________________ CM . . . . Volume XXII Number 25. . . .March 4, 2016


Sight Unseen.

David Carroll.
Toronto, ON: Scholastic Canada, 2015.
234 pp., trade pbk., ebook & Apple ed., $7.99 (pbk.).
ISBN 978-1-4431-4690-6 (pbk.), ISBN 978-1-4431-4691-3 (ebook), ISBN 978-1-4431-4692-0 (Apple ed.).

Grades 7-10 / Ages 12-15.

Review by Christina Neigel.

***½ /4



Seconds left until school: 1,832,400 Until Lights Out:140,738,400

I couldn’t get to sleep that night. No surprise there. I’d barely slept in months. I’d become a pretty good insomniac since getting the bad news about my eyes, so most nights I just listened to music or tried playing games online. Of course, I couldn’t get any Wi Fi at Splitsville, so I just lay in my bed, thinking of things to add to the list of
Things We Do Not Know.

The list was getting long. Yes, I always wrote with a Sharpie, so my printing was larger than most people’s; but still, the list took up twelve pages of my spiral notebook!

I took a stack of yellow sticky notes and stuck them in a column on the wall. Then I wrote a different phrase on each of the notes.

What’s with Royal Galas?

Asparagus Pee

Why do ninjas run with their arms behind their backs?

The column of notes went from the floor to way above my head.

Then I did the same thing with the list of
Things We Know. That list only came up to my waist.

Across the hallway, I could hear Cheese flopping around on his bed. It was 3:17 a.m. I wasn’t the slightest bit tired.

I tried writing some more things that I knew.

Minnow hates my guts.
Spencer hates my guts.
My parents think I am useless.”


Set in the wilderness of the Albertan Rocky Mountains, Finn spends his last two weeks of summer with his family and his school friend, Cheese, at “Splitsville”, the family cabin. Struggling with a degenerative eye disease that will take approximately five years to completely blind him, Finn literally counts down the days, minutes and seconds until “Lights Out”. He is struggling with the loss of his ability to do all of the things he loves, including biking. However, he forgets his obsessive counting when he discovers a mysterious floating island where time stands still and his vision is strangely restored. Faced with the opportunity to spend the rest of his days hiding from his world in this place he names “Perpetuum”, Finn confronts his feelings about his disease and his relationship with his friends and family.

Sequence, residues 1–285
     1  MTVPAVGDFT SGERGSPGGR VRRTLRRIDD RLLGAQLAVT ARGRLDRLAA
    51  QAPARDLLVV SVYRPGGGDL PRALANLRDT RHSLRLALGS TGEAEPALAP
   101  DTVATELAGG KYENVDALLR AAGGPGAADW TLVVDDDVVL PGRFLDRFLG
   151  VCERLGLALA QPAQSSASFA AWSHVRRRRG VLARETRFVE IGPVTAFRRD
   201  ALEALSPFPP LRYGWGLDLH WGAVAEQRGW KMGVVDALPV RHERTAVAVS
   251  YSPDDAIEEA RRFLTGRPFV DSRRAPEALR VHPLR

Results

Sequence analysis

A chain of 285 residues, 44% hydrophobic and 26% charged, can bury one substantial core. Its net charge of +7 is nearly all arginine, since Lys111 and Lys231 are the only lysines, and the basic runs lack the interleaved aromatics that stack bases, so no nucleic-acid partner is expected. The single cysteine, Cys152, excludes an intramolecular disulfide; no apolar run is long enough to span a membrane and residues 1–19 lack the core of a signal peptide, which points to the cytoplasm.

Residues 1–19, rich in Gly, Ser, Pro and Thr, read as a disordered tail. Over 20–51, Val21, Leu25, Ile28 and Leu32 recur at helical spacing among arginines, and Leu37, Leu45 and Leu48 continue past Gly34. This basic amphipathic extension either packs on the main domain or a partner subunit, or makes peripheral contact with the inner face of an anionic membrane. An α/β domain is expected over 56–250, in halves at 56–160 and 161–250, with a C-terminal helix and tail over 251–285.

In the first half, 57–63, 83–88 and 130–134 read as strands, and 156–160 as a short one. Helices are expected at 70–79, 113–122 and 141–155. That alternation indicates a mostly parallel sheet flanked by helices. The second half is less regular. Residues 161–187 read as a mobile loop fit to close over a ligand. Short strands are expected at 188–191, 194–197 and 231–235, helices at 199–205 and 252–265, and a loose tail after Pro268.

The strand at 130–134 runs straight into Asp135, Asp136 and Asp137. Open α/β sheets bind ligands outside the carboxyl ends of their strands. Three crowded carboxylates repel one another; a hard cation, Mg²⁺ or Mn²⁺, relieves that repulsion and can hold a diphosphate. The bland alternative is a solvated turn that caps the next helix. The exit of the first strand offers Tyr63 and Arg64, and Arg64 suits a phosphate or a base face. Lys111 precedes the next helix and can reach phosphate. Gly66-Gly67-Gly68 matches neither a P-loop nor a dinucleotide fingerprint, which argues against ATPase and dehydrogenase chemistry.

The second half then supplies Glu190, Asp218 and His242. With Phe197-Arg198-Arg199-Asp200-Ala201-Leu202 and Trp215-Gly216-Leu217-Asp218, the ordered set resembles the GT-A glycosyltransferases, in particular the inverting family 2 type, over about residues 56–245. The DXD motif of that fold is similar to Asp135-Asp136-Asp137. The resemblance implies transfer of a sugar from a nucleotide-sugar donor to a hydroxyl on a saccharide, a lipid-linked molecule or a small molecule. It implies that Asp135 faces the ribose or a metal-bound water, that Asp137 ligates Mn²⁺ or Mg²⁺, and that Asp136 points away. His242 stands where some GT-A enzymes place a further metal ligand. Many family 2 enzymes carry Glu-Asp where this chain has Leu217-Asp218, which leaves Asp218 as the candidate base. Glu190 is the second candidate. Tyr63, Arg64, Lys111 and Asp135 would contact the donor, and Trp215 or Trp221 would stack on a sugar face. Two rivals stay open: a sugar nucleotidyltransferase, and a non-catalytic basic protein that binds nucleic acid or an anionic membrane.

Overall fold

Taking a first person perspective, the author helps readers to “get inside” the head of a 14-year-old who has to deal with both the usual struggles of adolescence and his disease. Through his fantastic adventure, Finn wrestles with himself and his relationships, trying to come to terms with a future that he had not envisioned for himself.

     David Carroll’s characterizations are highly believable and compelling. Finn is a complex character who is, at times, both likeable and unlikeable. Carroll captures the severe beauty and richness of the Rocky Mountains, creating an excellent parallel to Finn’s personal journey through his own emotional wilderness. The cadence and vocabulary of the story, although believable, is ideally suited to younger teens from ages 12-15. The subject matter offers a fresh and meaningful perspective on what it means to be “able” and “normal”, making Sight Unseen a solid addition to tween and teen collections.

Highly Recommended.

Christina Neigel is an associate professor in Library and Information Technology at the University of the Fraser Valley in Abbotsford, BC. She is currently completing a doctorate in education at Simon Fraser University.

To comment on this title or this review, send mail to cm@umanitoba.ca.

Copyright © the Manitoba Library Association. Reproduction for personal use is permitted only if this copyright notice is maintained. Any other reproduction is prohibited without permission.
Published by
The Manitoba Library Association
ISSN 1201-9364
Hosted by the University of Manitoba.

CM Home | Next Review | Table of Contents for This Issue - March 4, 2016 | Back Issues | Search | CM Archive | Profiles Archive

Updated: October 17, 2014 (hsd)